The meeting led to a number of positive outcomes, the most important one being a better shared understanding of where the KMb model can best serve the needs of municipal policymakers in the realm of climate change. “Advancing climate research and knowledge is key to addressing municipal needs to address impacts of changing climate. Under the umbrella of “Climate Consortium for Research Action and Integration (CC-RAI)”, a number of collaborative climate change initiatives are currently underway,” said Chandra Sharma, who is TRCA’s watershed specialist. “TRCA, along with our partners, regional municipalities of York, Peel, Durham, and the City Toronto, is pleased to collaborate with York University. This unique pilot project with is an excellent model to maximize the impact of university research.”

For us at the KMb Unit, meeting the policy partners was a phenomenal chance to learn about the complex and multifaceted policy development process that is required to deal with the challenges posed by climate change. Wet are excited to contribute to a positive outcome for this project and hope to capture the thoughts of our policy partners on video at the concluding meeting.

Reflections on our National KMb Network

I have been very fortunate to work in York’s KMb Unit since February 2006. While we had worked hard over the first four years to build a credible service unit at York, and support the infrastructure for a national knowledge mobilization network, it is the past two months that demonstrate to me that ResearchImpact (Réseau Impact Recherche en français) has flourished!

On April 26 and 27, York KMb hosted the six ResearchImpact partner universities and their respective community United Way’s leadership (along with United Way Canada) for discussions on good KMb practices, collaborative opportunities and national networking. In true KMb fashion, the relationship building is what reflected and represented the foundation of an extensive national KMb network.

Fast forward two weeks, and on May 10 at CAURA (Canadian Association of University Research Administrators) four of the six universities in the network presented a plenary session that demonstrated collaborative projects between our university researchers and local community, demonstrating the value of university-based knowledge mobilization. I was impressed with how our messages were consistent despite gaps in capacity and variations in service models.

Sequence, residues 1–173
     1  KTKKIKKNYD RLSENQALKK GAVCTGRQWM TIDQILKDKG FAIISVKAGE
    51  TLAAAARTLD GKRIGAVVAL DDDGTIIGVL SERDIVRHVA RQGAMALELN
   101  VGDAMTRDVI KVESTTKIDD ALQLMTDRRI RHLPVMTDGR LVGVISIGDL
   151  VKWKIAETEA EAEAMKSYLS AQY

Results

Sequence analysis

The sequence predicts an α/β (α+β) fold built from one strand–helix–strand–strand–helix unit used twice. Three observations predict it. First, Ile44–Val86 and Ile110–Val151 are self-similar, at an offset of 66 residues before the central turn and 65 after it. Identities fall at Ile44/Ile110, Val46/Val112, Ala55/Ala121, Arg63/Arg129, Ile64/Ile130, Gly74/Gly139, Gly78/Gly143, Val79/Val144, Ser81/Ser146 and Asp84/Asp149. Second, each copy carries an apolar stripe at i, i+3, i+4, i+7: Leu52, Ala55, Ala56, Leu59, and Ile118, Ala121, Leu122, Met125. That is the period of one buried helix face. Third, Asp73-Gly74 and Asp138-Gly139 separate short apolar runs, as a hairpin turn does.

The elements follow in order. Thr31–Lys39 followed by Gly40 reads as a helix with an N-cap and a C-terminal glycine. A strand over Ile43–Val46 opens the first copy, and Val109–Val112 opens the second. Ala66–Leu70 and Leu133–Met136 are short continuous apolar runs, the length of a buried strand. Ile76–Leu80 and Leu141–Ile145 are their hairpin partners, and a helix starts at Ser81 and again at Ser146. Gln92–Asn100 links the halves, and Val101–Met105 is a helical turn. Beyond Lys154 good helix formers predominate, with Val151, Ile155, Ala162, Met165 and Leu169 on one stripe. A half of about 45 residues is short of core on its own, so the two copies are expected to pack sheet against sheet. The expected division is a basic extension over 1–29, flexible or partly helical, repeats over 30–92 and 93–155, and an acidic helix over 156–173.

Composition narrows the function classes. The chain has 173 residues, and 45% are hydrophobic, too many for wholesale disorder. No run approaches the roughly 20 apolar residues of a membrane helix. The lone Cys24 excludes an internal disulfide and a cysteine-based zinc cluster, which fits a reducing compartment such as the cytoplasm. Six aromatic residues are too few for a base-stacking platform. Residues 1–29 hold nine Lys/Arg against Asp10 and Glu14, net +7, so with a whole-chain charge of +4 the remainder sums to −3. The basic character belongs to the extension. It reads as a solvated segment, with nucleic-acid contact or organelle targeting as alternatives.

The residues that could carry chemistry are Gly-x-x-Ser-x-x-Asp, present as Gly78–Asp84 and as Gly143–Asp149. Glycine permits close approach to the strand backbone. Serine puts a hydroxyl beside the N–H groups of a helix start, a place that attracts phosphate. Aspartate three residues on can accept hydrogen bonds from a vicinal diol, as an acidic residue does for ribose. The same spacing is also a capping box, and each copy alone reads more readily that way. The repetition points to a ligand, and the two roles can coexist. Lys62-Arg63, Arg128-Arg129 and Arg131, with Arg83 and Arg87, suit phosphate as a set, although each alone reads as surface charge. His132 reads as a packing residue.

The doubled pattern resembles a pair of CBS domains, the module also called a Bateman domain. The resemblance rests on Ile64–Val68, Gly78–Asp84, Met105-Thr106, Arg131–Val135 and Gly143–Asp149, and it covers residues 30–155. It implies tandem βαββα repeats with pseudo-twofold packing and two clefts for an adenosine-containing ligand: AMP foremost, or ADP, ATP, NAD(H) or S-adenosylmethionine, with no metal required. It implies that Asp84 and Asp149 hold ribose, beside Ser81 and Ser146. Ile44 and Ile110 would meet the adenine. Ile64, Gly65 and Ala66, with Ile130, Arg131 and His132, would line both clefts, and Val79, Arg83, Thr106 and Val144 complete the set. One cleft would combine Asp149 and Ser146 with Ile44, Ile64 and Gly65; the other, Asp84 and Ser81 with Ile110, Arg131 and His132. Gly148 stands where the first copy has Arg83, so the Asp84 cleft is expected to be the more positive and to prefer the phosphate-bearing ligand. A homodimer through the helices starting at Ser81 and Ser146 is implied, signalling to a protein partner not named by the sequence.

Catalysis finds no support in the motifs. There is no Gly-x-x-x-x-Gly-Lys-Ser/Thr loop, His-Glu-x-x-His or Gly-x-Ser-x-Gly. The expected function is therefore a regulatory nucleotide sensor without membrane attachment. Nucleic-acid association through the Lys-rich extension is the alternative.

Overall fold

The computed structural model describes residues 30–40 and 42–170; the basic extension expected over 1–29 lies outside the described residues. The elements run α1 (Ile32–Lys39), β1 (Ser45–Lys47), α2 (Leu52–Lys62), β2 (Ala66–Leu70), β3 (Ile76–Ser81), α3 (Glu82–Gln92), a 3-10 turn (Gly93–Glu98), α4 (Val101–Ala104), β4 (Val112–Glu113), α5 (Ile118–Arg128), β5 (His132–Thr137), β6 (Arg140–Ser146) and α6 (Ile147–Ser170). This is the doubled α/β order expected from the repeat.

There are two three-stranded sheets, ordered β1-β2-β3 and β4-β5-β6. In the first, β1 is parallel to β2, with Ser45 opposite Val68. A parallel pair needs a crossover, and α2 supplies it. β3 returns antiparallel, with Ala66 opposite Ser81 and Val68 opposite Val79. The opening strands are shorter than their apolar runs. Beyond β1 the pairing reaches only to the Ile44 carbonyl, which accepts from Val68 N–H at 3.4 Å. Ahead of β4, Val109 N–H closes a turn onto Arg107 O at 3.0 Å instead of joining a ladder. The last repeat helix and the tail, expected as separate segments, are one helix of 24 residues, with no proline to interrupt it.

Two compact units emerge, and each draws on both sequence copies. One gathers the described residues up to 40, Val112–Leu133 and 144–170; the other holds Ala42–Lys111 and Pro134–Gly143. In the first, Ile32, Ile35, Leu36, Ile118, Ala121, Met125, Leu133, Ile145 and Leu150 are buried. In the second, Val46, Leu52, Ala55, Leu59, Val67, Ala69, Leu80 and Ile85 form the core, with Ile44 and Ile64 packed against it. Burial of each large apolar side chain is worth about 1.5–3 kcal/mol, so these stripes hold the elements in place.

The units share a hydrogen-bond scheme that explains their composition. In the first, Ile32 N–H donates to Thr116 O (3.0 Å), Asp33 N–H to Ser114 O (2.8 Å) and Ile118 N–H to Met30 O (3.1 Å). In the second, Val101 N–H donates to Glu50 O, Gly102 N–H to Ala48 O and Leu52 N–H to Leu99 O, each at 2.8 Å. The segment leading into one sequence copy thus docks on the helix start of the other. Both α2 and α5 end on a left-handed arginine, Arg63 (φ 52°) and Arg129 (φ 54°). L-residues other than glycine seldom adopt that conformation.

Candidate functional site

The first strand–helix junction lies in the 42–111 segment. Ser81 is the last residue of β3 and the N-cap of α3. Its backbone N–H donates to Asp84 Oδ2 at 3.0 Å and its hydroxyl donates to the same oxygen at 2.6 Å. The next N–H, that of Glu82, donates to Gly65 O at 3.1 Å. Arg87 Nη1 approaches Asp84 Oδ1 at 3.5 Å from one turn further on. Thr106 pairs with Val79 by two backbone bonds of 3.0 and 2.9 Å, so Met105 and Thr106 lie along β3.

Most recently at Congress 2010 at Concordia University I had the chance to experience, once again, the strength of this network. Meetings with UQAM, connecting with brokers from five of the six partner universities, and having 8 days to promote ResearchImpact and reflect on our emerging network all point to an active and dynamic national KMb network.

While we remain short of my vision for ResearchImpact, where every university in Canada is represented with an active KMb service unit, the growth of the past two months is encouraging! I think the next four years will be just an enjoyable!

From the York KMb office,

Postcards from Congress: Day 1 – ResearchImpact is Number 1 at Congress!

What Happened: ResearchImpact-Réseau Impact Recherche (RI-RIR) is exhibiting for the 4th year at Congress at the Bookfair. Among the 53 exhibitors that are located throughout Concordia, we have been assigned booth #1, and enjoy a premium location adjacent to the participant registration desk.

Why is it important: Exhibiting at Congress is extremely important to the RI-RIR network. With growing interest from the Canadian academic research community around knowledge mobilization, we want researchers to think of RI-RIR when they think about KMb.

Final Thoughts: In four years RI-RIR has undergone tremendous growth. We represent six universities now from our original two, and we also possess leadership in the theoretical and practical understanding/application of KMb. It is this knowledge that is driving our vision of RI-RIR to ultimately have an affiliation with all Canadian universities. And with that we look forward to our week in Montreal, and next year in Fredericton and the year afterward in Waterloo… and so on! We are number 1 for a reason, after all!

RI-RIR Booth at Congress 2010

♫Reunited and it feels so good♫